2.3.3. Adequate MRI Imaging Data
This study involved the MRI images of 58 TMJs and the corresponding treatment records for the subjects. The images obtained included the sagittal open and closed jaw positions. The MRI of interest for diagnosing anterior disc displacement was the central cut of the TMJ in the sagittal plane of the closed jaw position. The articular disc was directly identified as a biconcave area of hypointensity above the condyle, and its position was categorized as normal or anteriorly displaced.
2.4. Study Variables
(1) Diagnostic Protocols
MRI diagnosis of anterior disc displacement with reduction was made using a new (alternative) protocol and using the standard protocol. The alternative protocol diagnosis was performed by drawing three lines: (a) the tangent to the slope of the articular eminence, (b) the perpendicular to that line, and (c) the tangent to the posterior band of the articular disc. The angle between (b) and (c) was then measured. An angle greater than zero degrees was recorded as anterior disc displacement. The standard protocol diagnosis was performed by drawing two lines: (a) the 12 o’clock line through the condyle and (b) the tangent to the posterior band of the articular disc. The angle between these two lines was measured. An angle greater than zero degrees was recorded as anterior disc displacement.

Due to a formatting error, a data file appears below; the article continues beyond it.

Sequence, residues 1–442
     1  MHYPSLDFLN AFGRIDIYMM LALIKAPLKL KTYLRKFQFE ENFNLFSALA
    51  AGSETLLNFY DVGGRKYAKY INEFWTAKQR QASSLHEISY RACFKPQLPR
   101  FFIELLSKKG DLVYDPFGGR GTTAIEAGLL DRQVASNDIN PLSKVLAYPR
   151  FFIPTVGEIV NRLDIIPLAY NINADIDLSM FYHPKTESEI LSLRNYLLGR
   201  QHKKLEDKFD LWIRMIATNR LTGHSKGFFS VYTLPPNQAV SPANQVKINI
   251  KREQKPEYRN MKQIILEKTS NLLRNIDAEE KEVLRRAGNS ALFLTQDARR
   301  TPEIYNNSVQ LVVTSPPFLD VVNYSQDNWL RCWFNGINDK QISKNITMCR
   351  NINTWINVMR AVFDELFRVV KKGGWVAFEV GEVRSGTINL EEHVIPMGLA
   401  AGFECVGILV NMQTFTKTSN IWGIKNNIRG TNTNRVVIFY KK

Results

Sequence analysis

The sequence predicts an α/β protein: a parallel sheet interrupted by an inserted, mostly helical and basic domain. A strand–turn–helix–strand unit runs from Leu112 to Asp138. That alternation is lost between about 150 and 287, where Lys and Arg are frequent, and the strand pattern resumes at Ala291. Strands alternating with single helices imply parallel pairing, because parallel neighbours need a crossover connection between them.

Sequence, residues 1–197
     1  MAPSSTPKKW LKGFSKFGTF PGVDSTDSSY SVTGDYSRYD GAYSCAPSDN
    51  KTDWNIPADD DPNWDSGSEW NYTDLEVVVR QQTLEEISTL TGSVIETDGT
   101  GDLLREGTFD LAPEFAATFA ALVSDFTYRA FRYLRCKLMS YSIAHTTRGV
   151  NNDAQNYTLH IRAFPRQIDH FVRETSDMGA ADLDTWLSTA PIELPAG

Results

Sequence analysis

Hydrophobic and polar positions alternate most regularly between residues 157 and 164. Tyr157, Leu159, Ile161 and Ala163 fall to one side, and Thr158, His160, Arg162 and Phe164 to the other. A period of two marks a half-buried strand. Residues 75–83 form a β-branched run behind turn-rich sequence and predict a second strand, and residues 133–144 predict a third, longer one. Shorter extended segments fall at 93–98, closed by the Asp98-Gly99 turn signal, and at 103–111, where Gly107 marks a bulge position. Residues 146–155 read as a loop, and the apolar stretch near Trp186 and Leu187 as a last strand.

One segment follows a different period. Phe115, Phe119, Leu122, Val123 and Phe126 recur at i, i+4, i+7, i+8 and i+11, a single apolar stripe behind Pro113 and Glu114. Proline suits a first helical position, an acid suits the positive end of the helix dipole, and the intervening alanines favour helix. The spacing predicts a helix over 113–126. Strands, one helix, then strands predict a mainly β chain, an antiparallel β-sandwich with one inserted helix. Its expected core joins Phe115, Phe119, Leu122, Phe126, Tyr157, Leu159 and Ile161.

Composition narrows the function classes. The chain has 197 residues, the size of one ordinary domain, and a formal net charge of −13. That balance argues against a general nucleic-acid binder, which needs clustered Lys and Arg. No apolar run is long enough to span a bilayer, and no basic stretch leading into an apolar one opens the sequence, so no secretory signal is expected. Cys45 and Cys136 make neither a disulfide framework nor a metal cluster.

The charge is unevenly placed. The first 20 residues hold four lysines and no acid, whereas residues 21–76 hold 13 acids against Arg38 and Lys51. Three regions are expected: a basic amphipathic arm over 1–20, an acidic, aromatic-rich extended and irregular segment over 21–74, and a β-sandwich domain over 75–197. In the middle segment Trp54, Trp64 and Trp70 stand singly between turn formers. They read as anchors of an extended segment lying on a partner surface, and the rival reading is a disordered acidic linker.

The presence or absence of anterior disc displacement.
Subjects who carry a prior diagnosis (outside this study) of anterior disc displacement with reduction and report arthralgia and those who carry a prior diagnosis of anterior disc displacement with reduction and have no report of arthralgia.
2.5. Data Analyses